by Steven Ertelt
November 23, 2006
Ljubljana, Slovenia (LifeNews.com) — The prime minister of the southern European nation of Slovenia has asked a member of the government cabinet to resign after he suggested that the nation should cut back on taxpayer funding of abortion. Slovenia’s center-right Prime Minister Janez Jansa wants Minister of Labour, Family and Social Affairs Janez Drobnic to step down.
Last week, Drobnic suggested that Slovenia limit taxpayer funding of abortion only to cases when a pregnancy threatens the mother’s life.
He made the suggestion because Slovenia, like many other European nations faces severe underpopulation problems as abortion has depleted the country’s workforce and diminished its ability to support its aging citizens.
Drobnic said cutting abortion funding would reduce abortions and increase the birth rate.
However, Janez complained about the proposal and said Drobnic acted without first consulting other government leaders.
"Too often he acted without harmonizing his activities (with the government), had too many proposals that were not considered carefully and caused useless conflicts," Jansa’s cabinet said, according to a Reuters report.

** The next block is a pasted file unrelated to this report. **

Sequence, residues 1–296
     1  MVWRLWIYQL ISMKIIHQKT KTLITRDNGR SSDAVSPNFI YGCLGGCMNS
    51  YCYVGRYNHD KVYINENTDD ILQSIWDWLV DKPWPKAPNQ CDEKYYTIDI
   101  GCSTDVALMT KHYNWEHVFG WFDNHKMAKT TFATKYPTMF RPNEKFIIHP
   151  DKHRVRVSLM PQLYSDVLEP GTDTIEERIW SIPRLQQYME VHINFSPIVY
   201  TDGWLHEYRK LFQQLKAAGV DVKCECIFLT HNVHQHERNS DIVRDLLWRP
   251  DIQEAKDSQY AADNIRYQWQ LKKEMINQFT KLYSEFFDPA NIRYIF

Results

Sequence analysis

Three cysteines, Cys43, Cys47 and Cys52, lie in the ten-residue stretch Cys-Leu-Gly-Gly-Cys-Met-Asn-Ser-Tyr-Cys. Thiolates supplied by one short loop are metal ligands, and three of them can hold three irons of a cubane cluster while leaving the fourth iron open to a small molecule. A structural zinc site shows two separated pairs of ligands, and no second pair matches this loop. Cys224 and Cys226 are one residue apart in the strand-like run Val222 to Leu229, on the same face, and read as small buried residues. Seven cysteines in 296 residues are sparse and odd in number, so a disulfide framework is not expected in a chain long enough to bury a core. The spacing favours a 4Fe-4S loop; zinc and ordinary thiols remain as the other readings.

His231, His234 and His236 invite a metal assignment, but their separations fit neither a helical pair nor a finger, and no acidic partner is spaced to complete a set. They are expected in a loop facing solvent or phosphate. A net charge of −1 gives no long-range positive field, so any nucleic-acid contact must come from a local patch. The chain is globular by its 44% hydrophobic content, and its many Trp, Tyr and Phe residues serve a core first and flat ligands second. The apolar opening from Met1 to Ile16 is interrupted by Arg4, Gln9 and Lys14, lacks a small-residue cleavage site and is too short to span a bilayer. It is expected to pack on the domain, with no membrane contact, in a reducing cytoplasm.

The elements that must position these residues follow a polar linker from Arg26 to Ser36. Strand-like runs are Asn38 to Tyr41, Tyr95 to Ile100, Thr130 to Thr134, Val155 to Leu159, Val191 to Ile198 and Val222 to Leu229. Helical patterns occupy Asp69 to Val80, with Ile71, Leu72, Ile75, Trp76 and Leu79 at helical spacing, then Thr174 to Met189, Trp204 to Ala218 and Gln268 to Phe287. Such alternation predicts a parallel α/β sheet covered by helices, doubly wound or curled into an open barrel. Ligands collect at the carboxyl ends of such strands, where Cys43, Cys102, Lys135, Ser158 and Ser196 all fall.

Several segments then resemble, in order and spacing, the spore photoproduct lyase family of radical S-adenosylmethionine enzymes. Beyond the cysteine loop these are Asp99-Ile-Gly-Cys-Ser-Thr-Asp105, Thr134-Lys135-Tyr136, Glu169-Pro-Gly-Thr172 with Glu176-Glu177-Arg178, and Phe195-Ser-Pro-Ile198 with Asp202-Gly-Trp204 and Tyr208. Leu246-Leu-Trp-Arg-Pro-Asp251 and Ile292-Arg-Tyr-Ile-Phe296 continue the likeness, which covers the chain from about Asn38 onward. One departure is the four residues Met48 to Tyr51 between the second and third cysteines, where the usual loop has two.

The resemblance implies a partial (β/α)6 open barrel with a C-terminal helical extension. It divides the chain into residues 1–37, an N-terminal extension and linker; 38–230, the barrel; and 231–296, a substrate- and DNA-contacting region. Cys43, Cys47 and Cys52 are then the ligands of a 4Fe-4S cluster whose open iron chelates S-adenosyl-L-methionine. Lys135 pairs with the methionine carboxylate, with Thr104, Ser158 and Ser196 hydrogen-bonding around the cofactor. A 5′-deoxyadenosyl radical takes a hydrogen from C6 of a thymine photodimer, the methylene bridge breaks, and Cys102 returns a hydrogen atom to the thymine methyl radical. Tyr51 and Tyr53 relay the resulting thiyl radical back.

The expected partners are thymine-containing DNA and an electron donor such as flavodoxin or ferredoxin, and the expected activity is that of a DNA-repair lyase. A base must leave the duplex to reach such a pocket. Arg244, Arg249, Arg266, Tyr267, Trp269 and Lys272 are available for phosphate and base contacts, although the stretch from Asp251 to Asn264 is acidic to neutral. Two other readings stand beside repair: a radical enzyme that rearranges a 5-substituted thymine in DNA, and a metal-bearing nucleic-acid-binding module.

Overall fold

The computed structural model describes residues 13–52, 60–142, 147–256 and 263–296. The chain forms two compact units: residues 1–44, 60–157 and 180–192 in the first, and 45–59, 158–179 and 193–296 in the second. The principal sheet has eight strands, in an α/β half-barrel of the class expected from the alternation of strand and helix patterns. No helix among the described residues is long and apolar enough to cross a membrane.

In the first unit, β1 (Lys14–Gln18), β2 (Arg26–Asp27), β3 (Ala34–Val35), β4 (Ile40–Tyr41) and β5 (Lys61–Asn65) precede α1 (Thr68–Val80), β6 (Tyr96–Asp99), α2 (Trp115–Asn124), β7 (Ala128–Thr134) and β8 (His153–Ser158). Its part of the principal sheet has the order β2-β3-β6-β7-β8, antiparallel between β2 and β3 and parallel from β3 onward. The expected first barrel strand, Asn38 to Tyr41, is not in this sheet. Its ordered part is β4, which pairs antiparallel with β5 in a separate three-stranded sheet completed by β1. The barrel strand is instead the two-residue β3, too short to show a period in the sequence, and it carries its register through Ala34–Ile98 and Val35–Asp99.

Abortion has been available for free for decades in Slovenia but abortion proponents claimed not paying for abortions in the nation’s health insurance plan would lead to dangerous abortions — even though most women who have abortions are injured by them and some die.
In making the suggestion, Drobnic said, “According to the constitution, human life is untouchable and we believe the state is not obliged to give financial support for an abortion."
The nation, part of the former Yugoslavia, has a birth rate of just 1.25 children per woman, below replacement levels.
Drobnic is a member of the conservative New Slovenia Party which has partnered with Jansa’s Slovenian Democratic Party to form a ruling coalition. He is expected to resign his position today.
Meta Roglic, a political analyst of the Dnevnik newspaper, told Reuters that the abortion funding idea was not the sole reason for calling for Drobnic’s ousting.
"The prime minister and trade unions were also unhappy with his work. The strategy (for higher birth rate) was just the tip of the iceberg," she explained.
Slovenia is one of eight formerly communist nations that joined the European Union in 2004 and considered the wealthiest.
Other Eastern European nations such as Bulgaria, Romania, and Russia face the same underpopulation problems and are considering measures to limit abortions. Russia has already instituted new policies to pay women more than $9,000 if they carry their babies to term.